By Sarah Mac Donald - 14 November, 2013
In his homily at St Mary’s Pro Cathedral in Dublin on Monday, the Archbishop described Trócaire as “a fruit of the renewal of the Church in Ireland in the immediate aftermath of the Second Vatican Council.”
Discussing the role of a Catholic agency, he said that even when it is working alongside others and is receiving aid from governments and international organisations, it can never renounce its Catholic identity and fail to bring to the debate on development the fundamental vision of the human person and the human family which springs from its Christian inspiration.
Referring to Pope Benedict’s Encyclical Deus Caritas Est, he noted that it stressed the centrality of witnessing to the love of Jesus Christ in the activity of all Catholic organisations.
He recalled the Pope Emeritus’ warning that, “This love does not simply offer people material help, but refreshment and care for their souls, something which often is even more necessary than material support.”
He added, “In the end, the claim that just social structures would make works of charity superfluous masks a materialist conception of man: the mistaken notion that man can live ‘by bread alone’ a conviction that demeans man and ultimately disregards all that is specifically human.”
Elsewhere in his homily, Archbishop Martin recalled that in the aftermath of the Second Vatican Council and especially with the publication of Pope Paul VI’s Encyclical Populorum Progressio, the Bishops of Ireland felt that, alongside their support for missionary activity, there was a place for the Catholics of Ireland to have their own international development agency, like those which existed in many other European countries.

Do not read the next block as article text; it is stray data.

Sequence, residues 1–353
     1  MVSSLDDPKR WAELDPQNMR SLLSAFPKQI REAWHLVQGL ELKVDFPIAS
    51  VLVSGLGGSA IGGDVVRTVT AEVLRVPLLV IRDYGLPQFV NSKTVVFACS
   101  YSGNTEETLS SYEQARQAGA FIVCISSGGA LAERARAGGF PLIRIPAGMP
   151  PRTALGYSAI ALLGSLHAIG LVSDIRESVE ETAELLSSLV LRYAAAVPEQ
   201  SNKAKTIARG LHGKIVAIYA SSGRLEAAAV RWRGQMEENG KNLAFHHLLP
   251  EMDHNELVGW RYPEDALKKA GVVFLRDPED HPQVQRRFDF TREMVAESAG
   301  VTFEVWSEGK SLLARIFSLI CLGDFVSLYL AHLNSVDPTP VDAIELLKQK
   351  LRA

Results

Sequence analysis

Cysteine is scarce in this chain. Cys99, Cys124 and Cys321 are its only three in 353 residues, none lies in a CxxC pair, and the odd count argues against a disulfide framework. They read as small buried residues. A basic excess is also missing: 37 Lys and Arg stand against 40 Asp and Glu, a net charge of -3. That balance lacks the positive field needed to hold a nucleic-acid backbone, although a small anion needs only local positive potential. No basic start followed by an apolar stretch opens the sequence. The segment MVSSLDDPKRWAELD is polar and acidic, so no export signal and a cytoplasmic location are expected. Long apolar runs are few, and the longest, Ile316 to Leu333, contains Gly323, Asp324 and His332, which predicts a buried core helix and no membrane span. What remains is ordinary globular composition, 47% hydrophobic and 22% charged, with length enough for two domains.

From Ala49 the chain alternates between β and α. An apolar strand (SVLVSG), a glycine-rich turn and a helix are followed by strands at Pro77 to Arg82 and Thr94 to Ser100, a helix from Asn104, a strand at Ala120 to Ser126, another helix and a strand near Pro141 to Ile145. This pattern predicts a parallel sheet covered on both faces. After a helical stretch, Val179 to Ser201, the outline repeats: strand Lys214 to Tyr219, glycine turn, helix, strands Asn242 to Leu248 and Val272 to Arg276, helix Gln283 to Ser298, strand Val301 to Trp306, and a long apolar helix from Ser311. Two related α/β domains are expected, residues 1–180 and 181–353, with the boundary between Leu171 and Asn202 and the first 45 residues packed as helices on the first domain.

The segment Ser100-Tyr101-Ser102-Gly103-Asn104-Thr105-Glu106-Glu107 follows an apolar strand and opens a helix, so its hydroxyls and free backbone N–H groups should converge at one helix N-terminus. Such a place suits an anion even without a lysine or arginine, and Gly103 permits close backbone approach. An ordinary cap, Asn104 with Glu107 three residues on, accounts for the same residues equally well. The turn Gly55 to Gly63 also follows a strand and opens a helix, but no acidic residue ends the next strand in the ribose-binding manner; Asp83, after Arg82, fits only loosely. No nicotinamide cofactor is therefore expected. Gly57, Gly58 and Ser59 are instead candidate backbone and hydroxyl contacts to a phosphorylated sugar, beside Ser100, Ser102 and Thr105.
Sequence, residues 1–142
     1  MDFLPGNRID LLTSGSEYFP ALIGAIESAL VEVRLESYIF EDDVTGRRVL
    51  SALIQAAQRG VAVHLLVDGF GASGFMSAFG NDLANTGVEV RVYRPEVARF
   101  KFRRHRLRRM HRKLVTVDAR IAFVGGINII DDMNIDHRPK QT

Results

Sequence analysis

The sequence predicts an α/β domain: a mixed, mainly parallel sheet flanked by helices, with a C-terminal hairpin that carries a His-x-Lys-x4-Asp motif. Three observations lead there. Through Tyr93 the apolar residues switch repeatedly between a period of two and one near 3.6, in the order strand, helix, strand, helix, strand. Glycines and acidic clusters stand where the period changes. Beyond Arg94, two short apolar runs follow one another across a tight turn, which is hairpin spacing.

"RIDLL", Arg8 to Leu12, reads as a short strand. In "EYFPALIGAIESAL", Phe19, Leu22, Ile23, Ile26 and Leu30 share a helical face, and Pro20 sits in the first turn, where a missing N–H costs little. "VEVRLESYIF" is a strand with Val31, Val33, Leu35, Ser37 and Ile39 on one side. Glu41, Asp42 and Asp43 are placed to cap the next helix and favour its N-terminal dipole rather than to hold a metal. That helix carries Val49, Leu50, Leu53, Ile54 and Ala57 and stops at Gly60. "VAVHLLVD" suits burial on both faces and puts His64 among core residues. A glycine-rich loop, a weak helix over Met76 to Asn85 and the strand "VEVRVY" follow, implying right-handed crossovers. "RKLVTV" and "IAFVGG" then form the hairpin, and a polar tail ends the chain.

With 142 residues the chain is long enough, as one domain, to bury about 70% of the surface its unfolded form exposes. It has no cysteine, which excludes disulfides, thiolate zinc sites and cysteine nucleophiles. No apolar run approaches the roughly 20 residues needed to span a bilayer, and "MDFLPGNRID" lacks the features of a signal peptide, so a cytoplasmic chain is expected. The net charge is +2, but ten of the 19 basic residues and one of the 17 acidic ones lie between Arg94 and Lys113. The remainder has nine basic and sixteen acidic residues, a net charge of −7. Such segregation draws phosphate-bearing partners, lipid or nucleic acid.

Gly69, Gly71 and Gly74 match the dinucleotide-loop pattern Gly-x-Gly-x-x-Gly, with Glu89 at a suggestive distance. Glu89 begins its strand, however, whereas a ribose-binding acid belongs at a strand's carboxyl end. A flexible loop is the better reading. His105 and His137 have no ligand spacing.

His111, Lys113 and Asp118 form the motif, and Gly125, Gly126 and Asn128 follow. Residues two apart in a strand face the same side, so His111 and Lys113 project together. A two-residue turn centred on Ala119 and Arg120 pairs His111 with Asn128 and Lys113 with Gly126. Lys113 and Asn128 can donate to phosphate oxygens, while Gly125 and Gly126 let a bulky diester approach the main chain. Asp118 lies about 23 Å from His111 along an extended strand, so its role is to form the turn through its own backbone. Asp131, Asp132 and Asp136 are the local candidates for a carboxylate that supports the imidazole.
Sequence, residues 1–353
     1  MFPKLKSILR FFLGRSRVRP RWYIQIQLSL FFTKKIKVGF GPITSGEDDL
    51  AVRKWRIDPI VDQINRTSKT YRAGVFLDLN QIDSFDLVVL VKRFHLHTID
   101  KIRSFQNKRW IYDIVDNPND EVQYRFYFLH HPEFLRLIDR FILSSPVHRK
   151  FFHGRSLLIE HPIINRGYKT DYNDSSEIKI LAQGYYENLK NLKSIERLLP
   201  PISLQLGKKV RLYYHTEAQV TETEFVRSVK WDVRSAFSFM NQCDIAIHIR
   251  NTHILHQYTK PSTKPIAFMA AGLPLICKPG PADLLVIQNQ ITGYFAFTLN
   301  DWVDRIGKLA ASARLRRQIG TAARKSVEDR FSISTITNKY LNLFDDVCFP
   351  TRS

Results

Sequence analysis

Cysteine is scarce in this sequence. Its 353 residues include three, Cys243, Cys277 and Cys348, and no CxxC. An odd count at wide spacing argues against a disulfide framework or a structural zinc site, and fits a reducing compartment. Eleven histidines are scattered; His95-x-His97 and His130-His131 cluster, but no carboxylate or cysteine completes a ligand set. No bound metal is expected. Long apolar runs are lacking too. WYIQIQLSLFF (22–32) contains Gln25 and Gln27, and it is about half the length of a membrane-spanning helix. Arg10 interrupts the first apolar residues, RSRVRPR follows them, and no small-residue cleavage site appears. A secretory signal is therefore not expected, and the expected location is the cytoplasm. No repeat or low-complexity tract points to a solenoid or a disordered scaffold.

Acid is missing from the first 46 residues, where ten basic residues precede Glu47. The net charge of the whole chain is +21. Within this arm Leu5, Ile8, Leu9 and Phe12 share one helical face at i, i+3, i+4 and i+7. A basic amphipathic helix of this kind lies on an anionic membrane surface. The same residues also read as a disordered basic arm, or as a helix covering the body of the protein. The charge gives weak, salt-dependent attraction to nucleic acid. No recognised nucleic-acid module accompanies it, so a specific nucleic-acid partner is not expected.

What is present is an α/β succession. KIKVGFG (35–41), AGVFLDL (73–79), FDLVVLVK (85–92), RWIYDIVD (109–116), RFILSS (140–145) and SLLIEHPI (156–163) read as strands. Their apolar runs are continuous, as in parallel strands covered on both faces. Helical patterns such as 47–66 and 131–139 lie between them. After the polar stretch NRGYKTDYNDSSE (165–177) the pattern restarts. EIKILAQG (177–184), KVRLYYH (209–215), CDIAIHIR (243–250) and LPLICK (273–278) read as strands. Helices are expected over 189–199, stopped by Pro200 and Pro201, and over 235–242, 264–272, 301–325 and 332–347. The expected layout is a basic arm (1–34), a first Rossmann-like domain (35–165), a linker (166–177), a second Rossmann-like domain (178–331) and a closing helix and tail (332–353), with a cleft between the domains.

“Trócaire has been a beacon of the care and mercy and support of the Irish Catholic community for development and disaster relief for forty year now. Many people around the world place their hopes and trust in the work of Trócaire, as a reliable and honest partner,” he commented.
He said the agency was an inspired idea and over the past 40 years it had lived up to its inspiration. “It has become a household name not just in Catholic homes, but as part of Irish national public discourse and indeed worldwide. Every child knows what Trócaire is about. The term Trócaire Box has earned a place, one could say, almost in The New Oxford Dictionary,” the Archbishop said.
But he also stressed that Trócaire’s success is due to the generosity of Irish Catholics who have risen again and again generously to support Trócaire in its every day work and in response to emergency appeals.
But he also sounded a note of realism, saying, “Like every development agency Trócaire has to admit to failure. I do not mean this in terms of blame, but in terms of the sad reality that despite best efforts and best practice the challenges of development still remain. Despite all analysis and identification of the concrete measures needed to be taken, for example, the UN Millennium Development Goals will not be universally attained.”
The Archbishop also paid tribute to Irish missionaries who have had and have a remarkable tradition of responding to broad human needs, especially in education and health and community development.
“Irish missionaries have at times been the strongest and most reliable partners of Trócaire and supporters of its aim,” he said.